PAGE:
If you go at it gangbusters with any pump, the pump will flap about and this will damage the pump, the valve, everything. Using a pump with a hose mitigates this to some extent rather than eliminates the problem entirely; if you are clumsy enough you can pull the valve out using a pump with a hose, too....

Using a direct fit pump is (like many things in life) a skill that it is useful to acquire. I grew up with (at first) pumps with connectors and they were all junk; too many parts to go wrong. However my first forays with a direct fit pump were no better, and there were plenty of opportunities for rookie mistakes; back then a silca frame fit pump would have no check valve in the base, and if it moved when you were pumping and the (presta of course) valve jammed open, the result would be that the pump piston would be launched like a small mortar shell, often going fifty yards through the air, to the consternation (or more often great amusement) of any onlookers.

Not all direct fit pumps are any good of course, but as a breed they ought to be more reliable than those with hoses. As you have discovered, any flaw in the sealing is usually a bigger problem with a hose type pump than a direct fit one; if the hose leaks down between pump strokes the pumping action becomes catastrophically inefficient, and the larger the connection volume (in the hose), the worse this is. A direct fit pump has near enough zero connection volume, so will tolerate small leaks rather better.

Perhaps you can find a connector hose that will work for you here;

http://www.sjscycles.co.uk/pumps-spares-dept963_pg1/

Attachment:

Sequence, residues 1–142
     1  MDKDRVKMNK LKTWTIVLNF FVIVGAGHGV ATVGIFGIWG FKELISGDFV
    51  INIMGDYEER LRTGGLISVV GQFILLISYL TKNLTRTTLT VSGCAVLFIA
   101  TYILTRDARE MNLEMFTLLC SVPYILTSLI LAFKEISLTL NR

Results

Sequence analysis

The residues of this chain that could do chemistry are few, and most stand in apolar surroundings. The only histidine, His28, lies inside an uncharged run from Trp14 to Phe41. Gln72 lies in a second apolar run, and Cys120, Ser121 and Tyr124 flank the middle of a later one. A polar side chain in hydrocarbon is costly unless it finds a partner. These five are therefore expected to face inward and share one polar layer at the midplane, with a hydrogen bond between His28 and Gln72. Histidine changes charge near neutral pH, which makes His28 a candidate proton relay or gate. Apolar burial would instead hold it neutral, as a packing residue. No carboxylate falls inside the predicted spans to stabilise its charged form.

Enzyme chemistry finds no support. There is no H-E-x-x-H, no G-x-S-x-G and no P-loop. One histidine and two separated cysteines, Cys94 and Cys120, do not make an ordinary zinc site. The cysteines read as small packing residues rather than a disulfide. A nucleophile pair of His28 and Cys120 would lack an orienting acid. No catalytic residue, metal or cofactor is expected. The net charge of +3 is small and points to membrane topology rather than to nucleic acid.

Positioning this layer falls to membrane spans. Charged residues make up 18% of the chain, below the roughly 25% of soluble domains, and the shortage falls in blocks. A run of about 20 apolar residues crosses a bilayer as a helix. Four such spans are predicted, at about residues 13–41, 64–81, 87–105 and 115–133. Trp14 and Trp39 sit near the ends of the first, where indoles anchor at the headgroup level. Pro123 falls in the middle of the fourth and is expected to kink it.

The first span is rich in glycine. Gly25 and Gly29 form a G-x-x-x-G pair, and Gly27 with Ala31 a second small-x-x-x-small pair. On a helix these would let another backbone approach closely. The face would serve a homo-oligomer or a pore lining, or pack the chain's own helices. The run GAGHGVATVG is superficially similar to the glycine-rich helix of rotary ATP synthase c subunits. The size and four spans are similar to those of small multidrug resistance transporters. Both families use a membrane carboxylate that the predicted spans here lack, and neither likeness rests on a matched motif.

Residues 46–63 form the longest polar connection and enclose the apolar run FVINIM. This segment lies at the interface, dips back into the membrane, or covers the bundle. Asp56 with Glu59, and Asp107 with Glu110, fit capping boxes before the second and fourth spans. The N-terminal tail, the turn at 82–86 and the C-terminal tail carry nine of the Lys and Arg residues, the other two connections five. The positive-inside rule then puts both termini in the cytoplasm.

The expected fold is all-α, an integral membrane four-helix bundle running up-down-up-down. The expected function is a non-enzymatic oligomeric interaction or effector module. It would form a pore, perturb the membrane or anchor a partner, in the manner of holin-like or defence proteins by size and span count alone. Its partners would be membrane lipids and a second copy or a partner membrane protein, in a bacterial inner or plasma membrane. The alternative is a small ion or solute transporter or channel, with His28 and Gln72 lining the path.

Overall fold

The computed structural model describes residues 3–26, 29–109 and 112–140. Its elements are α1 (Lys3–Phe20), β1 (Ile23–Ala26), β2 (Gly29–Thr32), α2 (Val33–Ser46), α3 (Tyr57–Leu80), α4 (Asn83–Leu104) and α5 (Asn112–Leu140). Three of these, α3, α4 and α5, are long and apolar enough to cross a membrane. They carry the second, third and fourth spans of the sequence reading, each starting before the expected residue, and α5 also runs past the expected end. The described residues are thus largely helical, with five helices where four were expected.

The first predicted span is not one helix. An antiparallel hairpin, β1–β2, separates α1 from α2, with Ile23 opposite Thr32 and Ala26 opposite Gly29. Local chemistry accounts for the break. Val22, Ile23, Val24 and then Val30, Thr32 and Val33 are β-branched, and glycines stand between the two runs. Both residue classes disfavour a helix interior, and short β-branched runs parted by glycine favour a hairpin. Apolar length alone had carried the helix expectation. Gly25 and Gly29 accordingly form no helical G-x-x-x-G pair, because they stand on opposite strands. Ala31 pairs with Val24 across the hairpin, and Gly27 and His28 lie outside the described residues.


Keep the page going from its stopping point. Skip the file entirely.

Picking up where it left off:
cheers
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[XAP]Bob
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Re: Pump Adaption

Postby [XAP]Bob » 30 Jul 2015, 10:06am

A valve at each end of those should help that of course, drops the dead volume of the compression.
A shortcut has to be a challenge, otherwise it would just be the way. No situation is so dire that panic cannot make it worse.
There are two kinds of people in this world: those can extrapolate from incomplete data.

Brucey
Posts: 37299
Joined: 4 Jan 2012, 6:25pm

Re: Pump Adaption

Postby Brucey » 30 Jul 2015, 10:12am

sure, but if there is a small leak it doesn't help any, and if the check valves need a pressure differential to open or don't flow easily, the whole process just becomes even harder work.

To this day the least net work in inflating a tyre is had when using a fairly basic frame-fit pump and presta valves IME, and that is the reason why.

cheers
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~~~~~~~~~~~~~~~~~~~~~~Brucey~~~~~~~~~~~~~~~~~~~~~~~~

pickerd
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Re: Pump Adaption